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Research & Development
Industrial AI blog

Using machine learning to improve end-of-life care for advanced cancer patients

24 March 2023

George Chalkidis, PhD

George Chalkidis, PhD
Research & Development Group
Hitachi, Ltd.

Patients with incurable advanced cancer should have access to high-value, compassionate care with a focus on improving quality of life, as aggressive treatments may have limited ability to meaningfully extend life at this stage and may cause more harm than help.

Can technology solutions improve end-of-life care to avoid unplanned hospitalizations and maximize use of supportive care? To seek out answers, my colleagues and I at Hitachi R&D partnered with the University of Utah and Huntsman Cancer Institute. Our diverse, interprofessional team of experts included an oncologist and palliative care physician, a clinical pharmacist, nursing, and data scientists. We started by mapping out the clinical process around care nearing the end of life, trying to understand how machine learning could improve patient support at this stage.

During our research, we identified a clinical use case in which machine learning integrated into the clinical workflow might lead to the delivery of higher value care. Having a conversation about goals of care when approaching end-of-life is a difficult process for both patients and providers. However, studies have shown the benefit of estimating an accurate prognosis; providers refer patients earlier to supportive care and patients are less likely to pursue aggressive treatments that are unlikely to extend life. Our efforts focused on a data-driven personalized prognosis tool based on machine learning to help both patients and providers choose the next step through shared decision-making.

We wanted our tool to empower patients by helping them understand what their future with cancer may look like and make treatment decisions based on their goals. Therefore, we decided the best clinical use case of the tool to be in an outpatient setting at a treatment decision point when patients and providers discuss treatment options. We trained a machine learning model using electronic health record data available during a patient’s visit to predict the six-month prognosis if a new line of therapy were to be started.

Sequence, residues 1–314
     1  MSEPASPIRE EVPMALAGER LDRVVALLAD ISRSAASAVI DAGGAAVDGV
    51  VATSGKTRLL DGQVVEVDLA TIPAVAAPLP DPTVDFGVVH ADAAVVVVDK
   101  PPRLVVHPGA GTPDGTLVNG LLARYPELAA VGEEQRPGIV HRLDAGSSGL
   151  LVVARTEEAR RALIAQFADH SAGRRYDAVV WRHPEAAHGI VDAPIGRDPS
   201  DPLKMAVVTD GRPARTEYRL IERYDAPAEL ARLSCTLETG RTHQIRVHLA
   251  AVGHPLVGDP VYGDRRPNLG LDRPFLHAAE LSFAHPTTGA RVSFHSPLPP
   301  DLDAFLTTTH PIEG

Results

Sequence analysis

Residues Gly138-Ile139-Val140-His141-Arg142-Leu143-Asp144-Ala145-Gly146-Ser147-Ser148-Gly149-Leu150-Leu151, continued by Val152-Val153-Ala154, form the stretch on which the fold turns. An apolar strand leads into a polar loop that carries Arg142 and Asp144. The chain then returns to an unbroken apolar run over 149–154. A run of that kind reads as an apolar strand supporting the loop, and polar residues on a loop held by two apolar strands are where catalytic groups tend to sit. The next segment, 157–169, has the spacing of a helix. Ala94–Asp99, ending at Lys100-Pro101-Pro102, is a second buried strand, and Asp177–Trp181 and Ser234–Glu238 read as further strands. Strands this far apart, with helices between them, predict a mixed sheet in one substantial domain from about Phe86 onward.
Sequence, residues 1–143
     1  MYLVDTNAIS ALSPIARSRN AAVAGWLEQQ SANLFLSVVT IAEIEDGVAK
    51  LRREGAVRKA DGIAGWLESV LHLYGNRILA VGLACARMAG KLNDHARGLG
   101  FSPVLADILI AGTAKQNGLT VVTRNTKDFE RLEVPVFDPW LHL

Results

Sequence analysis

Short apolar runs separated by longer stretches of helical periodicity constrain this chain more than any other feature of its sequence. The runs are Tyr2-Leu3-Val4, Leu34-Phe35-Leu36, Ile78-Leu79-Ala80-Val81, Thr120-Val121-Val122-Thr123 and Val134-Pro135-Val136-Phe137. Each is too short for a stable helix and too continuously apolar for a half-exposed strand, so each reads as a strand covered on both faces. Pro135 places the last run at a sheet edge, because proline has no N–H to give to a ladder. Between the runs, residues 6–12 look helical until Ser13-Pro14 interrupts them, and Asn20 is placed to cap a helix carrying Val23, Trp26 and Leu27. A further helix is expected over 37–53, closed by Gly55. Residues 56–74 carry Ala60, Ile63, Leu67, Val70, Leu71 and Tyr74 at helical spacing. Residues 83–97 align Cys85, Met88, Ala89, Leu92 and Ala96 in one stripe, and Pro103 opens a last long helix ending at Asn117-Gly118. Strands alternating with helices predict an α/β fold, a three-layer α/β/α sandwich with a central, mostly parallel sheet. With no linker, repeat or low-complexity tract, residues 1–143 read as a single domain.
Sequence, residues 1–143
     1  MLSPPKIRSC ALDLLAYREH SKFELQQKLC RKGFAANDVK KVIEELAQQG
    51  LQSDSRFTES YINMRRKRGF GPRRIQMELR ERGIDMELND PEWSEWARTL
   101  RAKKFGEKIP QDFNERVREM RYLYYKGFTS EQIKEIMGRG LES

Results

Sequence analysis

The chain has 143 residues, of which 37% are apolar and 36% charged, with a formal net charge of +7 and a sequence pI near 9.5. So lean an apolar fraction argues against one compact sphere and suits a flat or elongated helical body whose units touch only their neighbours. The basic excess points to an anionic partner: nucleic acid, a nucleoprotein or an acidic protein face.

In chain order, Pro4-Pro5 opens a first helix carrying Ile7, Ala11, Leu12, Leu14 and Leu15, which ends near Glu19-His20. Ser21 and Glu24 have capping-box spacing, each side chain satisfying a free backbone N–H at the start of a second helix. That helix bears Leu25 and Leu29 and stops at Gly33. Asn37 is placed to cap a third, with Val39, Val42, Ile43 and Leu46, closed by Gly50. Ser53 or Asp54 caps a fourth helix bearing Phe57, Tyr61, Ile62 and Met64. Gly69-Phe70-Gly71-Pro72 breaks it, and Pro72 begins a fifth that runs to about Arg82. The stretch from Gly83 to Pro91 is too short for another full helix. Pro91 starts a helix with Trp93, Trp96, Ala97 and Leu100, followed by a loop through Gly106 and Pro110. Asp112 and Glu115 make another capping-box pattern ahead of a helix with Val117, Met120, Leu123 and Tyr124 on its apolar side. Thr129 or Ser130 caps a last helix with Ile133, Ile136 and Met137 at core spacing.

Our goal was to identify patients with either a ‘likely’ or ‘low’ chance of survival that is consistent with the mental model of clinical experts on the team. Consequently, we adjusted the machine learning model to mimic the minds of clinical experts so that, of the patients reported to have a ‘low’ chance of survival, in fact, only one out of three would be alive in six months.

To maximize portability using the FHIR standard and support trust in a user interface of the tool, our team reduced the input feature set to 45. We analyzed each feature’s prognostic importance with Shapley additive explanations and only included features of clinical relevance in the model which are structured and expected to be FHIR compatible. Our final model uses a patient’s cancer type, current line of treatment, past treatment history, demographic information, and lab values to predict whether the patient has a ‘likely’ or ‘low’ chance of surviving six months into the future as shown in Figure 1.

Figure 1. Machine learning model uses readily available features to stratify patients into ‘likely or ‘low’ chance of survival at treatment decision points.​

Figure 1. Machine learning model uses readily available features to stratify patients into ‘likely or ‘low’ chance of survival at treatment decision points.​

One day, our study may lead to transforming end-of-life care by helping patients and providers choose a care path tailored to the patient’s wishes through shared decision-making.[1]

In an ‘Ask an expert’ interview, our colleagues at University of Utah and Huntsman Cancer Institute explain how our technology empowers patients with advanced cancer to plan for end-of-life care.[2]


I would like to thank the team for making this work possible: Catherine Staes, Jordan McPherson, Anna Beck, Michael Newman, Kensaku Kawamoto, Hideyuki Ban, Shinji Tarumi, Wataru Takeuchi, and Shuntaro Yui.